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Self and Body Image

What do you see when you look in the mirror? Most women see at least one part of their physical appearance that they don’t like. People come in all shapes and sizes, but our culture tends to only value bodies that fit a limited mold. Constant exposure to idealized media images of flawless human perfection can keep us aware of our own physical shortcomings. Magazines targeted toward women advocate for self-love and acceptance, yet are often filled with articles on how to get a slim summer body, flat abs, a tiny waist, toned arms, and the list goes on. In light of these pervasive messages, it’s not surprising that there is an increasing number of women with body image issues.

Your body image encompasses your perceptions, beliefs, feelings, thoughts, and actions that pertain to your physical appearance. It’s your personal relationship with your body. This definition is helpful because it means that you have control over your body image if you’re using the right coping strategies. It is about embracing yourself instead of trying to replace the qualities that makes you a unique human being.

Let’s discuss the four aspects of body image:

Perceptual- Perceptual body image is how you see yourself. The way that you visualize your body is not always a correct representation of what you actually look like. It's a perception, not the objective truth. If you want your perception to match reality, mindfulness is your friend. Normalizing our perceived flaws in place of judgement will change our experience over time.

Affective- Your feelings about your body and the amount of satisfaction or dissatisfaction you experience in relation to your looks (such as weight, body shape, height, skin tone, aging, etc.) is your affective body image. These are qualities that you like or dislike about your appearance. It’s important to make a conscious decision about the media you consume and the effect that cultural influences have on you. Introduce body image diversity into your life. If you’re going to compare your body to others, find comparisons that make you feel included and not ostracized. This will help to improve your body image over time.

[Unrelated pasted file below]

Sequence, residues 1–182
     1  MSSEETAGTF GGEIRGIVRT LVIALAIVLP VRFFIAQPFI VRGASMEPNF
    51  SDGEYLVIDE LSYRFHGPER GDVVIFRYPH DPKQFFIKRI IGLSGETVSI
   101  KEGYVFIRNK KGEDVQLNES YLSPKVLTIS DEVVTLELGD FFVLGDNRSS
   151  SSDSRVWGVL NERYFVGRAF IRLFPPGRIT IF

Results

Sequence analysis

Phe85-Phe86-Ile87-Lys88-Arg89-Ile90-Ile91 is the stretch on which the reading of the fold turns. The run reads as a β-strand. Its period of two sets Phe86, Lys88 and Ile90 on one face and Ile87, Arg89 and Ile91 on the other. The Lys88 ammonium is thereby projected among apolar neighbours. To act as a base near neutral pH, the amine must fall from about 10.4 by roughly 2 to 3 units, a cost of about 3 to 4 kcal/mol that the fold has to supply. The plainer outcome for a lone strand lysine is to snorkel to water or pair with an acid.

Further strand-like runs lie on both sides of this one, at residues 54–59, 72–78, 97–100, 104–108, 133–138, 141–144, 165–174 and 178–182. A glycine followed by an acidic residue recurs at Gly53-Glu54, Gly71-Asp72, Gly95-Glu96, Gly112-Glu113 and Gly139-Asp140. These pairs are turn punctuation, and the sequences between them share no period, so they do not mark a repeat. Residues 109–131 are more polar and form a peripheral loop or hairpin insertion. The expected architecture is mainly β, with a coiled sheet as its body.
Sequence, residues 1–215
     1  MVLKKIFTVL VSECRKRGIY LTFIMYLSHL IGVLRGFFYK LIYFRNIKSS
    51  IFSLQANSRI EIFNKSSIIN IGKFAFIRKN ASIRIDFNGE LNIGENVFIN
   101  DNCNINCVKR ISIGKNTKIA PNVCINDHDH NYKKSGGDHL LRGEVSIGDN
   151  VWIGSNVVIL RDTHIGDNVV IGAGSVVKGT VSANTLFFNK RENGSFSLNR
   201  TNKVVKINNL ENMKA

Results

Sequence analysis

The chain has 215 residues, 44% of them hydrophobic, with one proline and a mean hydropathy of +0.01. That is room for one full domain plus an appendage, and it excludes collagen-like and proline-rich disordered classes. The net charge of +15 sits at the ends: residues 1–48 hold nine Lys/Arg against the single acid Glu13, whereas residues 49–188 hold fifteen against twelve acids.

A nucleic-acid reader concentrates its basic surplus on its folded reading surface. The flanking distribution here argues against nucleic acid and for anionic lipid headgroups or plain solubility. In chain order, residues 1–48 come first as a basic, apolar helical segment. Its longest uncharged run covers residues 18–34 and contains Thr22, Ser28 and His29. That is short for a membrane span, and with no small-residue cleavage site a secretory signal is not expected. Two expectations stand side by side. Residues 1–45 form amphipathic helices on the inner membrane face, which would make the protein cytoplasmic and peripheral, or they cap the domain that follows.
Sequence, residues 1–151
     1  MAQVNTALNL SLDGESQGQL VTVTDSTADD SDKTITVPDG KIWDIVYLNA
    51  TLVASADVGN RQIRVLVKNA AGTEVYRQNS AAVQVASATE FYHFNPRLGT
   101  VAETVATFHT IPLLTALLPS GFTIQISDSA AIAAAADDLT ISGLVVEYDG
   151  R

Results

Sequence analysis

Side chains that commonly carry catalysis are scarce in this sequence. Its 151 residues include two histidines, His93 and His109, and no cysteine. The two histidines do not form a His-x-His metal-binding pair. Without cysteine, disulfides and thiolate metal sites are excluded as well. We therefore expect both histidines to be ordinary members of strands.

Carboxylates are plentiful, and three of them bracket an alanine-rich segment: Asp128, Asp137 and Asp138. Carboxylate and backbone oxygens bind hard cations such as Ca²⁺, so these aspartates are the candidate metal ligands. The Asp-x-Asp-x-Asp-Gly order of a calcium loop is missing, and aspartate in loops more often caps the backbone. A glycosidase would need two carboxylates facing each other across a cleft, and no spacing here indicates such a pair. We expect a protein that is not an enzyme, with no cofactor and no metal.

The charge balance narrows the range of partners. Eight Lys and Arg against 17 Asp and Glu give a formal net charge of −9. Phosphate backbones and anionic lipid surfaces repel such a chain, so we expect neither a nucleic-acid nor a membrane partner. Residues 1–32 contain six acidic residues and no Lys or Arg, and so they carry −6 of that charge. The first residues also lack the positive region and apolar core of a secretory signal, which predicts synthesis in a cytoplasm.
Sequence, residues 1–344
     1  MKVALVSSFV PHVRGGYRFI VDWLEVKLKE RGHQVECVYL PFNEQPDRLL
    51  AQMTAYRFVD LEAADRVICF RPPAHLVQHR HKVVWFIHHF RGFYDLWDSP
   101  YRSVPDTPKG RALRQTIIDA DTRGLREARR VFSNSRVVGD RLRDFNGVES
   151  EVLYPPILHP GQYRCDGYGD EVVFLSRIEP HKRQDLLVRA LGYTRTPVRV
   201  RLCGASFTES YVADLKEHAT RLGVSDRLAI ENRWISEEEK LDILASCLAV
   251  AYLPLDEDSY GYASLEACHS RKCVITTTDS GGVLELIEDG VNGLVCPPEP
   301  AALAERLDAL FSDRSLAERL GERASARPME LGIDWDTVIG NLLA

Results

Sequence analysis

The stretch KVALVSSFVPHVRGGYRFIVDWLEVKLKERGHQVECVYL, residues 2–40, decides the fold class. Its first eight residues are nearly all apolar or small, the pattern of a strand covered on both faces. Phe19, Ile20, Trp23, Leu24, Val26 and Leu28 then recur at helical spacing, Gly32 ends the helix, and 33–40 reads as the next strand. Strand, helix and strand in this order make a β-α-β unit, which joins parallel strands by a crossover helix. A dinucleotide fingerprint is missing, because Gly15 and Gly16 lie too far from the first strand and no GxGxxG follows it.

Cognitive- These are the thoughts and beliefs that you hold about your body. People can change their bodies, but never be mentally satisfied with the progress. Set positive, health-focused goals rather than ones based on unrealistic standards. Be realistic with yourself about your goals and your potential.

Behavioral- These are the actions you take in relation to your body image. When a person doesn’t like how they look, they may display destructive behaviors. This can range from excessive exercise habits to disordered eating in an attempt to change their appearance. Others might isolate themselves or not engage in social events. It is important to focus on the function of your body. Our bodies are what tether us to this world If you change your mind about your body, you remove set limits on what your current body and self can experience. It is possible to create an existence of self-acceptance and start living the way you desire.

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